With the proposed federal cutbacks in medical research, global health and diplomacy, it falls to other resources to continue critically needed programs and services that must forge ahead rather than fall backward or be abandoned.
We have been encouraging and writing about forming innovative collaborative partnerships to deal more effectively with health issues for some time now, and on March 29 at Miami Dade College, we will be co-chairing with our friend and colleague, Dr. Jorge Gomez, a Concordia-hosted roundtable discussion on cancer prevention, screening and early detection in Latin America.
Gomez, who spent more than two decades in senior scientific and administrative roles at the National Cancer Institute (NCI), including heading its Specialized Programs of Research Excellence (SPORE) program, was also responsible for creating the NCI's first Latin American cancer initiative.
Currently a faculty member and administrator at the University of Arizona's College of Public Health, he is responsible for programs dealing with health disparities and outreach.
In Miami, we will convene a panel of healthcare experts and officials from academic institutions and government agencies in Argentina, Brazil, Chile, Colombia, Peru, Puerto Rico and Uruguay, as well as experts from the World Health Organization, to discuss reducing cancer in Latin America through preventive measures including implementation of specific cancer control plans appropriate for respective populations.
(We also invited representatives of the Mexican government, who declined because of current tensions; we hope those will be resolved soon.)
According to the Pan American Health Organization, there were 1.2 million cancer deaths in Latin America in 2008, with that number projected to increase to 2.1 million by 2030. It is also estimated that about one-third of cancers can be prevented by avoiding certain risk factors, such as smoking.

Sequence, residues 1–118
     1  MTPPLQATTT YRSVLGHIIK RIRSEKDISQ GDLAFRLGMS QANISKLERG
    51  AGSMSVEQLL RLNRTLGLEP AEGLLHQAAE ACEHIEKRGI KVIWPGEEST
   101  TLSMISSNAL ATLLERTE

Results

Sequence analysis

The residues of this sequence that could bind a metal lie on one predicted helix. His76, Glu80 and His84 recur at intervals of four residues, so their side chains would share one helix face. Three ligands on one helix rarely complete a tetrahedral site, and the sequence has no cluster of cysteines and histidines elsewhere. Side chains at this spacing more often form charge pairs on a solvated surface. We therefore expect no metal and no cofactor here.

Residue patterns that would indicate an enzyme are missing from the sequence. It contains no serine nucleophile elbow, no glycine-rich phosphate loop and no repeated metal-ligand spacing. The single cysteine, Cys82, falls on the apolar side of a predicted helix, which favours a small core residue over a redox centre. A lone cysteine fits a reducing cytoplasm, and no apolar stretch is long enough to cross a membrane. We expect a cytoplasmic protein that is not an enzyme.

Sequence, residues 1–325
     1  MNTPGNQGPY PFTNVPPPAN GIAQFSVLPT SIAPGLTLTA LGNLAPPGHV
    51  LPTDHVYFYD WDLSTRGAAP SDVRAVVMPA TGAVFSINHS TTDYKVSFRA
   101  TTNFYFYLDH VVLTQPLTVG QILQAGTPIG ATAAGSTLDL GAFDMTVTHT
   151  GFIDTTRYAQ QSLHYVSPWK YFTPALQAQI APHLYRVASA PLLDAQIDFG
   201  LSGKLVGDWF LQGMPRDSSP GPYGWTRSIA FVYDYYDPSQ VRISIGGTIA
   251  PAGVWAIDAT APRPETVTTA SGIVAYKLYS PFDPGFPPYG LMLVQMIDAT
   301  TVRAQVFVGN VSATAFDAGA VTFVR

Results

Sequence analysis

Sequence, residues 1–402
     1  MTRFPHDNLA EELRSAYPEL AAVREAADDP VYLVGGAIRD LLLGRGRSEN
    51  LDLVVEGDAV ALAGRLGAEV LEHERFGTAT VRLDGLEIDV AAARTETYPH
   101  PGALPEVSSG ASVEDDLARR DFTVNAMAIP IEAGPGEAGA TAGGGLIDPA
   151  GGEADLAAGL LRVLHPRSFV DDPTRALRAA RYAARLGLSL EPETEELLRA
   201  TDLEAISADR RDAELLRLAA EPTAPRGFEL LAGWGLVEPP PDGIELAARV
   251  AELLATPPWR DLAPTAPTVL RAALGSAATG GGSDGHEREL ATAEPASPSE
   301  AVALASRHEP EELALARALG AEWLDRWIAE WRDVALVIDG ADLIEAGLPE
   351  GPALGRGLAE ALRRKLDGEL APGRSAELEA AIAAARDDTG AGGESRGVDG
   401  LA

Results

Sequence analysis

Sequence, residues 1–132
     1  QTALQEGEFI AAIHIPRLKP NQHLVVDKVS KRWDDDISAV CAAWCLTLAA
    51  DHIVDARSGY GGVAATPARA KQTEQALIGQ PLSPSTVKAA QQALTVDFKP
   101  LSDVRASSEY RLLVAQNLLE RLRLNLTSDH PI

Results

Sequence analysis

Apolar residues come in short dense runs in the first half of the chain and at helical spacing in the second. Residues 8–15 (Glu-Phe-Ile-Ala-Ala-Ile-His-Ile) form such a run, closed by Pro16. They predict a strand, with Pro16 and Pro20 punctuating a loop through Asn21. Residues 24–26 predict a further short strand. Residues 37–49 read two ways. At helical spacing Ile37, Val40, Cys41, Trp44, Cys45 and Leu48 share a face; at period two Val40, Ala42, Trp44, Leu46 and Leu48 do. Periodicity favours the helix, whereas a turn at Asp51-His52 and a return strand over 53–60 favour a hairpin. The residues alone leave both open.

There is no one-size-fits-all solution to the cancer problem. Latin Americas and Americans of Latino or Hispanic heritage are not a genetically homogeneous group and different nations have various challenges related to dealing with cancer prevention and treatment.
But by working together, sharing experiences and exploring solutions, we can learn more about what works or doesn't, and much of that information has implications for serving the growing Latino population in the United States, as well.
Our group will discuss topics such as the economic, social and political challenges facing nations implementing cancer prevention strategies; deciphering the diverse genetic makeup of Latinos; and exploring effective public, private and nonprofit partnerships to achieve cancer reduction throughout Latin America.
We don't expect to be able to prevent all cancers, but we hope that our roundtable will be the beginning of a Pan American effort to work collaboratively to identify common issues and develop specific strategies to prevent or reduce cancer incidence, or find it at an earlier, treatable stage.
This piece was revised on Monday, March 20 at 4:18 p.m.
Nancy G. Brinker is the founder of Susan G. Komen, the world's largest breast cancer charity. She has also served as U.S. ambassador to Hungary, U.S. chief of protocol and as a Goodwill Ambassador for Cancer Control to the U.N.'s World Health Organization. She is now continuing her work in media and consulting and has taken a leave of absence from Komen's board.
Eric T. Rosenthal is an independent journalist who covers issues, controversies and trends in oncology as special correspondent for MedPage Today. He is the founder of the National Cancer Institute's Designated Cancer Centers Public Affairs Network and helped organize a number of national medicine-and-the-media conferences.
Both Brinker and Rosenthal have been co-chairing cancer forums for the Concordia Summit. The opinions expressed belong solely to the authors.
The views of contributors are their own and not the views of The Hill.